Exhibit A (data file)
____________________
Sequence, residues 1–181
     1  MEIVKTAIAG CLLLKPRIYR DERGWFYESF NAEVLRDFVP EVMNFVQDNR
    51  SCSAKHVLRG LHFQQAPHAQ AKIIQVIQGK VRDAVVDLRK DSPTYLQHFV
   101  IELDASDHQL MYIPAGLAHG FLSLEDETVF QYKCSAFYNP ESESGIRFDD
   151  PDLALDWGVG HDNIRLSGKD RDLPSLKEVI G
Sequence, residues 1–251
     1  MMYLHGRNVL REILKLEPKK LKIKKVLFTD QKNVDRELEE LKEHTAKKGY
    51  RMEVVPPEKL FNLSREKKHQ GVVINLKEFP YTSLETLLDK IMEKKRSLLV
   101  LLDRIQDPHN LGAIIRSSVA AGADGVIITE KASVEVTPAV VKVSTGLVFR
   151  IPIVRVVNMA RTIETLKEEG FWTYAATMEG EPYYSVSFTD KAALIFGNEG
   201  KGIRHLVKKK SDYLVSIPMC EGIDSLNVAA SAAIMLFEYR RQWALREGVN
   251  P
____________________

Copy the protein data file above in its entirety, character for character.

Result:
Sequence, residues 1–181
     1  MEIVKTAIAG CLLLKPRIYR DERGWFYESF NAEVLRDFVP EVMNFVQDNR
    51  SCSAKHVLRG LHFQQAPHAQ AKIIQVIQGK VRDAVVDLRK DSPTYLQHFV
   101  IELDASDHQL MYIPAGLAHG FLSLEDETVF QYKCSAFYNP ESESGIRFDD
   151  PDLALDWGVG HDNIRLSGKD RDLPSLKEVI G
Sequence, residues 1–251
     1  MMYLHGRNVL REILKLEPKK LKIKKVLFTD QKNVDRELEE LKEHTAKKGY
    51  RMEVVPPEKL FNLSREKKHQ GVVINLKEFP YTSLETLLDK IMEKKRSLLV
   101  LLDRIQDPHN LGAIIRSSVA AGADGVIITE KASVEVTPAV VKVSTGLVFR
   151  IPIVRVVNMA RTIETLKEEG FWTYAATMEG EPYYSVSFTD KAALIFGNEG
   201  KGIRHLVKKK SDYLVSIPMC EGIDSLNVAA SAAIMLFEYR RQWALREGVN
   251  P